Semin Thromb Hemost
DOI: 10.1055/s-0039-3402430
Review Article
Thieme Medical Publishers 333 Seventh Avenue, New York, NY 10001, USA.

Genetic Background of von Willebrand Disease: History, Current State, and Future Perspectives

Jana Zolkova
1  Department of Hematology and Transfusiology, National Centre of Hemostasis and Thrombosis, Jessenius Faculty of Medicine in Martin, Martin University Hospital, Comenius University in Bratislava, Martin, Slovakia
,
Juraj Sokol
1  Department of Hematology and Transfusiology, National Centre of Hemostasis and Thrombosis, Jessenius Faculty of Medicine in Martin, Martin University Hospital, Comenius University in Bratislava, Martin, Slovakia
,
Tomas Simurda
1  Department of Hematology and Transfusiology, National Centre of Hemostasis and Thrombosis, Jessenius Faculty of Medicine in Martin, Martin University Hospital, Comenius University in Bratislava, Martin, Slovakia
,
Lubica Vadelova
1  Department of Hematology and Transfusiology, National Centre of Hemostasis and Thrombosis, Jessenius Faculty of Medicine in Martin, Martin University Hospital, Comenius University in Bratislava, Martin, Slovakia
,
Zuzana Snahnicanova
2  Division of Oncology, Biomedical Center Martin, Jessenius Faculty of Medicine in Martin, Comenius University in Bratislava, Martin, Slovakia
,
Dusan Loderer
2  Division of Oncology, Biomedical Center Martin, Jessenius Faculty of Medicine in Martin, Comenius University in Bratislava, Martin, Slovakia
,
Miroslava Dobrotova
1  Department of Hematology and Transfusiology, National Centre of Hemostasis and Thrombosis, Jessenius Faculty of Medicine in Martin, Martin University Hospital, Comenius University in Bratislava, Martin, Slovakia
,
Jela Ivankova
1  Department of Hematology and Transfusiology, National Centre of Hemostasis and Thrombosis, Jessenius Faculty of Medicine in Martin, Martin University Hospital, Comenius University in Bratislava, Martin, Slovakia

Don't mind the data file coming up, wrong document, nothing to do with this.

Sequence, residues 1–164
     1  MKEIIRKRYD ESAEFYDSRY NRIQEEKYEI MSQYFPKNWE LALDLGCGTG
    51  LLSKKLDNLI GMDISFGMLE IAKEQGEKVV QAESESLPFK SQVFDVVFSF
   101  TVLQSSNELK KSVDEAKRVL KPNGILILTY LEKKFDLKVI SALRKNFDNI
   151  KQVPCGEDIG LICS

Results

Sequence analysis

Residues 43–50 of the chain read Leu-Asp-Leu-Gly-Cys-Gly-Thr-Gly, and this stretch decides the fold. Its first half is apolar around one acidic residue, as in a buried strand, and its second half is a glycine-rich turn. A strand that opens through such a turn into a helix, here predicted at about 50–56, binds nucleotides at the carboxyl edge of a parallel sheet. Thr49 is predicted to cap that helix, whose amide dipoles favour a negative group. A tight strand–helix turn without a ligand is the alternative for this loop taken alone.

,
Ingrid Skornova
1  Department of Hematology and Transfusiology, National Centre of Hemostasis and Thrombosis, Jessenius Faculty of Medicine in Martin, Martin University Hospital, Comenius University in Bratislava, Martin, Slovakia
,
Zora Lasabova
2  Division of Oncology, Biomedical Center Martin, Jessenius Faculty of Medicine in Martin, Comenius University in Bratislava, Martin, Slovakia
,
Peter Kubisz
1  Department of Hematology and Transfusiology, National Centre of Hemostasis and Thrombosis, Jessenius Faculty of Medicine in Martin, Martin University Hospital, Comenius University in Bratislava, Martin, Slovakia
,
Jan Stasko
1  Department of Hematology and Transfusiology, National Centre of Hemostasis and Thrombosis, Jessenius Faculty of Medicine in Martin, Martin University Hospital, Comenius University in Bratislava, Martin, Slovakia
› Author Affiliations
Funding Our work on VWD is supported by grants VEGA1/0187/17, VEGA 1/0168/16, and APVV 16–0020.
Further Information

Publication History

Publication Date:
30 December 2019 (online)

Abstract

Sequencing of the gene encoding for von Willebrand factor (VWF) has brought new insight into the physiology of VWF as well as its pathophysiology in the context of von Willebrand disease (VWD). Molecular testing in VWD patients has shown high variability in the overall genetic background of this condition. Almost 600 mutations and many disease-causing mechanisms have been described in the 35 years since the VWF gene was identified. Genetic testing in VWD patients is now available in many centers as a part of the VWD diagnostic algorithm. Molecular mechanisms leading to types 2 and 3 VWD are well characterized; thus, information from genetic analysis in these VWD types may be beneficial for their correct classification. However, the molecular basis of type 1 VWD is still not fully elucidated and most likely represents a multifactorial disorder reflecting a combined impact of environmental and genetic factors within and outside of VWF. Regarding sequencing methods, the previous gold-standard Sanger sequencing is gradually being replaced with next-generation sequencing methods that are more cost- and time-effective. Instead of gene-by-gene approaches, gene panels of genes for coagulation factors and related proteins have recently become a center of attention in patients with inherited bleeding disorders, especially because a high proportion of VWD patients, mainly those with low VWF plasma levels (type 1), appear to be free of mutations in VWF. Whole-exome sequencing (WES) and whole-genome sequencing (WGS) are accessible in a very limited number of laboratories. Results from these studies have presented several genes other than VWF or ABO possibly affecting VWF levels, and such findings will need further validation studies.